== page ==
Taxing the symptom

Wealth distribution is unquestionably a problem in many societies these days–and not just in poor countries, as has traditionally been the case:

USA Wealth Distribution

It’s becoming hackneyed to point out that this is really bad, but I want to do so anyway: this is really bad! Consider that in 1980, the top 20% of earners in the US held “just” 42.8% of wealth.

There are many reasons as to why this has happened, but the most obvious and oft-cited has to do with this:

ratio of pay

Most people would agree that the pay of CEOs has quite swiftly spiraled out of control, and now the debate is centered upon how to mitigate the wealth inequality that has arisen from said spiraling. Unfortunately, as CEOs’ pay has been increasing, something interesting has been happening…

tax burden

There are several alarming implications of this chart. (Yes, it is an old one, but surprisingly little has changed since 2004. And this is a good-looking chart.) First of all, the share of taxes that the wealthy pay has been cut in half. This is alarming to me not because I believe that everyone should pay more taxes, but because of the astronomical disparity between top earners and the rest of the population. Which brings me to the second implication of this chart, which is more a question: how the heck is the government funding itself if the rich’s  tax burden has been dramatically slashed, and middle to low earners have seen little change in their rates?! While Obama has slightly raised taxes, an uphill battle to be sure, he has made little headway in changing the overall look of the tax burden paradigm.

In my research I have encountered the argument that the rich actually have a bigger tax burden now because they end up paying more money due to the ginormous fortunes they have amassed–40% of $10 million is a lot more than 94% of $500,000, after all. So yes, more money is being taken from less people as a consequence of unequal wealth distribution. Those millionaires who argue that this should not be the case should talk to the “99 percent,” many of whom are happy to scrape by on $30,000 a year or much less.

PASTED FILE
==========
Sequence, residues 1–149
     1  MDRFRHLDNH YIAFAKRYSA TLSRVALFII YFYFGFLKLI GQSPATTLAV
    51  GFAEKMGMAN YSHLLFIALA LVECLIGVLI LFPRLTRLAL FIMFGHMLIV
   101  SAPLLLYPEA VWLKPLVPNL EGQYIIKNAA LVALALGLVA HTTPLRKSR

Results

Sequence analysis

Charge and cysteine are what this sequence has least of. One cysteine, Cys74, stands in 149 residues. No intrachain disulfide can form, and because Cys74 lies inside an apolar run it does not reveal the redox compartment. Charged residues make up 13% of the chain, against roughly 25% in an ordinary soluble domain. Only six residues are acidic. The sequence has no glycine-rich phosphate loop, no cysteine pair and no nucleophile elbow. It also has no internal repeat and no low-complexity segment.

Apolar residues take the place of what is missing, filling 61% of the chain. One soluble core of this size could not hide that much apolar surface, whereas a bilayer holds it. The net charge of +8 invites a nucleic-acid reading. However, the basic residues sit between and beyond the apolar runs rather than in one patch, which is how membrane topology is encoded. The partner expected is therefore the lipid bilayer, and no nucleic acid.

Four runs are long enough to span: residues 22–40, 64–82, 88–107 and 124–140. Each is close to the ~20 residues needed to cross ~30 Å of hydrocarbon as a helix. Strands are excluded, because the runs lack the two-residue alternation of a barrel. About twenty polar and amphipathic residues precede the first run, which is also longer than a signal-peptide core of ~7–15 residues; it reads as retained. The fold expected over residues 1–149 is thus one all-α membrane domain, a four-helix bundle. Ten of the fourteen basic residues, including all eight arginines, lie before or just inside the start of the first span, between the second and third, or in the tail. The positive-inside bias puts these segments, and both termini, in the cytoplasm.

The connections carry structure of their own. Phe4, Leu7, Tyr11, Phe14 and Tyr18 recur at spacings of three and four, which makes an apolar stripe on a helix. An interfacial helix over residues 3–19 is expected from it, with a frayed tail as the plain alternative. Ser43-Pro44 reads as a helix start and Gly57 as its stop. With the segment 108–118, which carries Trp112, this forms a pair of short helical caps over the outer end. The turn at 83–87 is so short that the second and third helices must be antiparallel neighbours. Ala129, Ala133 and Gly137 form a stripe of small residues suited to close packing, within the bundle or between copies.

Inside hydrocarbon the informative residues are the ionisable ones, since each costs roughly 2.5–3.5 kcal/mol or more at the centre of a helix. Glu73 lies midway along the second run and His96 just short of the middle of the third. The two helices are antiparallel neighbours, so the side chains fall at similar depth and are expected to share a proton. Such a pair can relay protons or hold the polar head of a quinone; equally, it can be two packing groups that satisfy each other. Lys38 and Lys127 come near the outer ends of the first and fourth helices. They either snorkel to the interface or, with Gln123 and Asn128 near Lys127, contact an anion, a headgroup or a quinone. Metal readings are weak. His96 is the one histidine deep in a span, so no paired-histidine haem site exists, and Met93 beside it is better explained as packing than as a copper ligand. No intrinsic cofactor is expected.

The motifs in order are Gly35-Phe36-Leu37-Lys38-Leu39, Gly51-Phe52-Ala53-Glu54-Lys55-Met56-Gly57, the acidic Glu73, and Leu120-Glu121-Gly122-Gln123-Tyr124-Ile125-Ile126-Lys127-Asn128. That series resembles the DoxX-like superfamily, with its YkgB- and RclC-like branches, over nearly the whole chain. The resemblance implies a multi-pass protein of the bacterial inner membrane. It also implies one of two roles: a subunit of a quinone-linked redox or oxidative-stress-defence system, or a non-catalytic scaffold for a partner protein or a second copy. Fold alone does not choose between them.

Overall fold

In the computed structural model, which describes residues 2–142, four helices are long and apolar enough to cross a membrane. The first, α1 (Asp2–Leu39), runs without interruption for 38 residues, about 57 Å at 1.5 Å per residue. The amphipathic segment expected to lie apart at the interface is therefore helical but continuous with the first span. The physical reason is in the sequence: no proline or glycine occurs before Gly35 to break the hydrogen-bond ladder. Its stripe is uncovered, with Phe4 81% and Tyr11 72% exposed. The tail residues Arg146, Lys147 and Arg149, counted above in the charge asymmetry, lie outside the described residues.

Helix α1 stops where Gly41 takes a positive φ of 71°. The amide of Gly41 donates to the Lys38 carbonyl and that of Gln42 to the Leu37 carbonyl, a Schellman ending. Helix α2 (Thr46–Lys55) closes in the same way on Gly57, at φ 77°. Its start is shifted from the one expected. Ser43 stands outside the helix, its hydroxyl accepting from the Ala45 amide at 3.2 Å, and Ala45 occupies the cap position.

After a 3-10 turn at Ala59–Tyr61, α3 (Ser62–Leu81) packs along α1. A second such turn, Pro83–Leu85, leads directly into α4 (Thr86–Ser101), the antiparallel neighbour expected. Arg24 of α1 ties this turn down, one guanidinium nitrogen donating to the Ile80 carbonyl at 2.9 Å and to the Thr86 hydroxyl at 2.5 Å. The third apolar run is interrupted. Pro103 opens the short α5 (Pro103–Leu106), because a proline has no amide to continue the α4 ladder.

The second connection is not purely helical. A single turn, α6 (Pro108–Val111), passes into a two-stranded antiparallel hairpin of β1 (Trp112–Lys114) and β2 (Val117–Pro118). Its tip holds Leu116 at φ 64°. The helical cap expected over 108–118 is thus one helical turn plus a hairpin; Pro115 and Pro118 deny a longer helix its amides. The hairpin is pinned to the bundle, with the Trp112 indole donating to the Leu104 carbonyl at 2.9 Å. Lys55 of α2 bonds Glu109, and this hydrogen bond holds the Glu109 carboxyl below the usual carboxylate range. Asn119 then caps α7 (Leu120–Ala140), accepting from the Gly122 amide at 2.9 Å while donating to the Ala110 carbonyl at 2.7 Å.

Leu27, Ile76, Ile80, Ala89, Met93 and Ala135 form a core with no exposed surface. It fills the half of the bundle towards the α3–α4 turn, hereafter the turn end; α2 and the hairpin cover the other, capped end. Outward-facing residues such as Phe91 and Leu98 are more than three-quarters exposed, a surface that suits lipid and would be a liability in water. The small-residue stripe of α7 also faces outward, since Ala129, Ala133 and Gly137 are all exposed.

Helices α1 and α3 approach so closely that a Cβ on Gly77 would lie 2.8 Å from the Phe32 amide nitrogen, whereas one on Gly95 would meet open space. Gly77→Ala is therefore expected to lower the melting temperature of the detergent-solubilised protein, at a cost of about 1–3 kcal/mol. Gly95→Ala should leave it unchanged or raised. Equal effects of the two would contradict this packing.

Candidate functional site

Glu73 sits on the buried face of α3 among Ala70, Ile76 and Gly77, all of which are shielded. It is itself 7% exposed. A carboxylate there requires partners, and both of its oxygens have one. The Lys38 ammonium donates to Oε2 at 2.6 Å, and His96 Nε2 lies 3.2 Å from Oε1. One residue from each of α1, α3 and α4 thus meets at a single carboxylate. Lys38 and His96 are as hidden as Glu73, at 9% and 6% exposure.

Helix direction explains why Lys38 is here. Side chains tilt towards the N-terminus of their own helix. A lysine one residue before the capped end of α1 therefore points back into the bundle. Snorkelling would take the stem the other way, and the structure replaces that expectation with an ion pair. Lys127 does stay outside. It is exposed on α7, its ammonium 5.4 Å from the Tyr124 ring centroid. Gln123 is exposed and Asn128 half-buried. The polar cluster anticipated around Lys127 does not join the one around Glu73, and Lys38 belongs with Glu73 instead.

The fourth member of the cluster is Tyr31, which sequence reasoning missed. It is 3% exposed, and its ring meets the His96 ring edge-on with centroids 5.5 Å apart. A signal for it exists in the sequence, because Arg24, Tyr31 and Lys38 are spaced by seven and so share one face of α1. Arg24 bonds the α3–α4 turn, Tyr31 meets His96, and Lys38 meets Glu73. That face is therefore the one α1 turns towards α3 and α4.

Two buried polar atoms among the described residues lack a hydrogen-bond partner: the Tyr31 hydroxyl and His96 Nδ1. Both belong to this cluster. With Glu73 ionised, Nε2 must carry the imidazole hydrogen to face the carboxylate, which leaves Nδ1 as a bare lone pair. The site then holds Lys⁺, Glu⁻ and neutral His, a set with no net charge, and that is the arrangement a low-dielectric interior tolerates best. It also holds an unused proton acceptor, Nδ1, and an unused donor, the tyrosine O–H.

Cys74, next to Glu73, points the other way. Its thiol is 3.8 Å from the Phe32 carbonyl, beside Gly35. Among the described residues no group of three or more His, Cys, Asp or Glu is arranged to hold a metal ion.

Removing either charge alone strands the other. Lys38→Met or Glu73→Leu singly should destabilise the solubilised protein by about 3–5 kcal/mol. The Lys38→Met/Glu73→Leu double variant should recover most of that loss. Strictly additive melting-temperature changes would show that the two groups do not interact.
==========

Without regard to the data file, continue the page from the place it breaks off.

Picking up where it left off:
Now I’m no class warrior, nor am I a communist. I have no problem with people working hard and reaping the rewards of hard work. But it is becoming apparent that at some point, someone built a dam in the river of wealth, and instead of trickling down, the wealth is building up at the top, out of reach of the many. While I cannot speak to the exact causes of this situation, I can surmise that it has to do with a unique combination of communism panic in the 1960s, stagflation in the 1970s, and an individual by the name of Ronald Reagan in the 1980s. This is overly simplistic. Business Insider has a helpful article on the history of tax rates, and they also point out the correlation between low taxes and ballooning deficit.

I think the legacy of the 1980s is one of unquestioned trust in bankers and CEOs due to a widespread lack of understanding of what they do. I am reminded of a scene in the film American Psycho in which a woman tells Christian Bale’s character, who works in finance, that she really appreciates how hard all the “guys on Wall st. work for us.” Meanwhile his character is shown day after day sitting in his office, doing nothing. While this attitude is no longer all that prevalent, I think it played a big part in inflating salaries (and bonuses) of CEOs and bankers.

What we have here is a systemic issue that has arisen in part because of a values system that places a premium on knowing how to manipulate a complex financial system that no one understands. Taxing the rich is a good way to temporarily redistribute wealth AND reduce the deficit (you’re welcome, Paul Ryan). But it is not a good solution in the long run. Nor is putting a cap on salary or bonuses, as policy makers in the EU are attempting to do, unless every country in the world gets on board.

In taxing the rich, we are taxing the symptom of a deeply rooted way of thinking that no longer serves the greater good. This is like taking an Advil for a brain tumor; the pain will be temporarily alleviated, but at some point you’re going to have to deal with the cause of the headache. This is not an anti-business sentiment–on the contrary, we should be encouraging entrepreneurs and companies that create jobs and innovation, not giving a CEO a five million dollar bonus that (s)he will stash in Switzerland until it is noticed that (s)he’s been fudging the books to inflate his/her company’s stock price. Of course, simply changing our thinking will do little if we cannot stop the horrendous feedback loop that the coziness of lobby groups and Congress has produced. But acknowledging the situation and getting angry about it is a good start.


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